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The Bad and the Beautiful

by Glenn Erickson Nov 19, 2019

One of Vincente Minnelli’s best is this glamorous ‘Hollywood Looks At Hollywood’ exposé of sin and conniving among the actors, directors and producers that make Quality Entertainment for us unglamorous nobodies. It’s overstated and often grossly overacted (Kirk Douglas, front and center!) but still carries a grandiose charm. Lana Turner gets to play an idealized version of herself. Gloria Grahame generates additional heat, and for her trouble walked away with an Oscar. And composer David Raksin contributes one of his most melodic music scores — the main theme is a winner, right up there with his Laura. CineSavant runs amuck critiquing the way MGM’s movie slams Hollywood creatives, while pretending that the studio bigwigs are infallible Gods.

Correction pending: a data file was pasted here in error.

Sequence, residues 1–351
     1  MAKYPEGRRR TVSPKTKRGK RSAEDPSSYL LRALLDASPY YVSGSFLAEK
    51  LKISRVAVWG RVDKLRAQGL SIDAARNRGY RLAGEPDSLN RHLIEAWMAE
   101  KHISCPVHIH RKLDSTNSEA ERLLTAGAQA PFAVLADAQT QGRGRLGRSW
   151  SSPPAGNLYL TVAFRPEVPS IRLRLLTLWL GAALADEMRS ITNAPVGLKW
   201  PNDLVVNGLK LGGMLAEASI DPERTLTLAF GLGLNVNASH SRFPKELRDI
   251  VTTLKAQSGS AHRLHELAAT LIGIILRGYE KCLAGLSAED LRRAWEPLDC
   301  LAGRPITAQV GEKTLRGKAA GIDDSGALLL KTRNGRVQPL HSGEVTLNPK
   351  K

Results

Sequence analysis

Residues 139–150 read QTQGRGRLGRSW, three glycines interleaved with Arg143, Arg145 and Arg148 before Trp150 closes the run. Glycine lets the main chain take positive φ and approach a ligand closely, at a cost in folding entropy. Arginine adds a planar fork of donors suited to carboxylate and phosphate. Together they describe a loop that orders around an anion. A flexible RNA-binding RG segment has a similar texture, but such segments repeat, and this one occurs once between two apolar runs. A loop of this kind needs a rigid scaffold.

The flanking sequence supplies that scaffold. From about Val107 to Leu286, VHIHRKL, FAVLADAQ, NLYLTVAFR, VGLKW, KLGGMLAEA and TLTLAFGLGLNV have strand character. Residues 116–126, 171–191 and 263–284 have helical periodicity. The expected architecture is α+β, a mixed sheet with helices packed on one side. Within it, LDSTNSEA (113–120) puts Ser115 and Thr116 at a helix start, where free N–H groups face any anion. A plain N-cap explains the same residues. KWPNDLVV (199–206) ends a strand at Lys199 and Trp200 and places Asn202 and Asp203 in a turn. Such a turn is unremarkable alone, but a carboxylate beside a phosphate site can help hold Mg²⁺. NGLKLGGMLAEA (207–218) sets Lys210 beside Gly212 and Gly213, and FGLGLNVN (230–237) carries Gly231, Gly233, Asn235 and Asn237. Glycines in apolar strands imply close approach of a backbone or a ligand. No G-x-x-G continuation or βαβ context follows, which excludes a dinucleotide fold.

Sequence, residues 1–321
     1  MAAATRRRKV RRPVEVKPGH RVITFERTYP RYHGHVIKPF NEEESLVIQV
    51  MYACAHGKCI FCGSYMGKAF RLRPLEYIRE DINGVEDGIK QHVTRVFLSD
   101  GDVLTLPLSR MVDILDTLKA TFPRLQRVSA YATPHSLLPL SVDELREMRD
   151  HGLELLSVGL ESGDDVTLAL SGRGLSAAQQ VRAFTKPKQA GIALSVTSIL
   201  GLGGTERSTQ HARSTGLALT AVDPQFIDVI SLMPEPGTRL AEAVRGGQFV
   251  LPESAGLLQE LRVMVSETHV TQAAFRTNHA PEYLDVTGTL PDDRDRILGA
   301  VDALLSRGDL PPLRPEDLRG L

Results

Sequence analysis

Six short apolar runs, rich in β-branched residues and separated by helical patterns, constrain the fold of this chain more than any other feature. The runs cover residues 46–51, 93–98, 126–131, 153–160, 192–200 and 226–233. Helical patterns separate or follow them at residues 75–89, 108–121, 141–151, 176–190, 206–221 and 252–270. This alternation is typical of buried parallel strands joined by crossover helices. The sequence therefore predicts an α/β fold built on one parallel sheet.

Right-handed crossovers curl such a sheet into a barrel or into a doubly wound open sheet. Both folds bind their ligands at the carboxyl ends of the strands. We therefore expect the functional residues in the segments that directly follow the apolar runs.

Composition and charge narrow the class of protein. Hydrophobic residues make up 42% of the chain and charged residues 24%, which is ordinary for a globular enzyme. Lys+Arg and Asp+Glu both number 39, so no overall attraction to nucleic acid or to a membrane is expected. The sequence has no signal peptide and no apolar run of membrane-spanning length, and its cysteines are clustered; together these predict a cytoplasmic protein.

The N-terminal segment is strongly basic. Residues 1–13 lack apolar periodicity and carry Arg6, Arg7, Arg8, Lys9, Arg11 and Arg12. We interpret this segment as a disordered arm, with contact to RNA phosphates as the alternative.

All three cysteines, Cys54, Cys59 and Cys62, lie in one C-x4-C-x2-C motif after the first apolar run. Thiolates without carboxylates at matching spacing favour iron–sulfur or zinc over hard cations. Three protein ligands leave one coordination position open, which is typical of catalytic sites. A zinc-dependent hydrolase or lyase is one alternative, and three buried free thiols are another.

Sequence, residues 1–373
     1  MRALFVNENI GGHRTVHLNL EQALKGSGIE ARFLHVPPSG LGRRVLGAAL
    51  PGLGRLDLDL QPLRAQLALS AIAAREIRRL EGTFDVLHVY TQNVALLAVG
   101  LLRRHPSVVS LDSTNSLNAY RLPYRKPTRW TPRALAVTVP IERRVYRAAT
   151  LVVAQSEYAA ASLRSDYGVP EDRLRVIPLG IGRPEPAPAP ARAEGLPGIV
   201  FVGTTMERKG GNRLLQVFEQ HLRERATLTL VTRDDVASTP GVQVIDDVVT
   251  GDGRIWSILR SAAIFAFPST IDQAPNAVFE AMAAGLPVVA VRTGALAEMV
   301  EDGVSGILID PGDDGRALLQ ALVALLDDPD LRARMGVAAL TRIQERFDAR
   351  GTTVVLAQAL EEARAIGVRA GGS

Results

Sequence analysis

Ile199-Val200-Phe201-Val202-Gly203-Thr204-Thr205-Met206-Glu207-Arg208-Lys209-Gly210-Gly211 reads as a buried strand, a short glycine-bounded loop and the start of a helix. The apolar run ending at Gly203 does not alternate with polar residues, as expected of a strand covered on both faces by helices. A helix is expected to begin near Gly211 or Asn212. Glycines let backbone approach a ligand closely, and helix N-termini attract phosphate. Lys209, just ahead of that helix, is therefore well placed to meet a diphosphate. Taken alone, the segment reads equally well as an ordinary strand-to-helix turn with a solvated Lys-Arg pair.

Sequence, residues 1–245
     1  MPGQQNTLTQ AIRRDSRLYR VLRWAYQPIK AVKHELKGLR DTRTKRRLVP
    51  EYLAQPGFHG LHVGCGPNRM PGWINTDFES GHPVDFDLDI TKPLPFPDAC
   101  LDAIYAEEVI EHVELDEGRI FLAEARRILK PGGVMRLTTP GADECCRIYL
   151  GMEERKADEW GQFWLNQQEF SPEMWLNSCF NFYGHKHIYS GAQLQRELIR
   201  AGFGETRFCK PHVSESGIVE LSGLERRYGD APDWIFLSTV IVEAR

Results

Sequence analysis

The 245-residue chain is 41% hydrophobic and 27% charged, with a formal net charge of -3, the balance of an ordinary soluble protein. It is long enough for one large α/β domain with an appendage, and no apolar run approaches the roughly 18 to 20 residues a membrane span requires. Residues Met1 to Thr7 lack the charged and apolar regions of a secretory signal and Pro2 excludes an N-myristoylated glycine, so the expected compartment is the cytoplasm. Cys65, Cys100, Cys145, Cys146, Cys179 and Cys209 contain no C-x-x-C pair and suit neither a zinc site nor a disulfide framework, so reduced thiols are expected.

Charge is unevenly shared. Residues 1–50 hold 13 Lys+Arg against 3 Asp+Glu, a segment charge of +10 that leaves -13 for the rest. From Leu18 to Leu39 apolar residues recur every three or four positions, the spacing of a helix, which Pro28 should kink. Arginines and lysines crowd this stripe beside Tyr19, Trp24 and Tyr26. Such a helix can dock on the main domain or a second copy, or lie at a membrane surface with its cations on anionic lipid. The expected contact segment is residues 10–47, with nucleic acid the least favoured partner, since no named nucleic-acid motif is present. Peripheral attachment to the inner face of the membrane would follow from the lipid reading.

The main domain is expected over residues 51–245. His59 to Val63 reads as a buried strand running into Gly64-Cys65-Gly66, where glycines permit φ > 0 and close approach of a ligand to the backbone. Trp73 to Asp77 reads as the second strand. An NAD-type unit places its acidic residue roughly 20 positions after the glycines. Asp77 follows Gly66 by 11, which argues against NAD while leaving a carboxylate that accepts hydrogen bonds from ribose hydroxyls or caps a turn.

The Bad and the Beautiful
Blu-ray
Warner Archive Collection
1952 / B&W / 1:37 flat Academy / 118 min. / Street Date November 19, 2019 / available through the WBshop / 21.99
Starring: Lana Turner, Kirk Douglas, Walter Pidgeon, Dick Powell, Barry Sullivan, Gloria Grahame, Gilbert Roland, Leo G. Carroll, Vanessa Brown, Paul Stewart, Sammy White, Elaine Stewart, Ivan Triesault.
Cinematography: Robert Surtees
Film Editor: Conrad A. Nervig
Original Music: David Raksin
Written by Charles Schnee from a story by George Bradshaw
Produced by John Houseman
Directed by
Vincente Minnelli